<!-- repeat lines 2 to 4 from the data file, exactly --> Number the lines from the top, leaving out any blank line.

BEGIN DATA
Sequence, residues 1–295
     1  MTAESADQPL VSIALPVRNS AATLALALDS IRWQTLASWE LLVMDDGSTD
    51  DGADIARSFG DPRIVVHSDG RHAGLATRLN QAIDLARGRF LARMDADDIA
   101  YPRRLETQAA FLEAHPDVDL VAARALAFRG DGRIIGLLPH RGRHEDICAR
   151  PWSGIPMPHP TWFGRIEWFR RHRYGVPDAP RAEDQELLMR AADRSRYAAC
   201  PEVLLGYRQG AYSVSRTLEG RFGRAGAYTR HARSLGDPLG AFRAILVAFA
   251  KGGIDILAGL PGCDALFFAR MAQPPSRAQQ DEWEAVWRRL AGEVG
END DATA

     1  MTAESADQPL VSIALPVRNS AATLALALDS IRWQTLASWE LLVMDDGSTD
    51  DGADIARSFG DPRIVVHSDG RHAGLATRLN QAIDLARGRF LARMDADDIA
   101  YPRRLETQAA FLEAHPDVDL VAARALAFRG DGRIIGLLPH RGRHEDICAR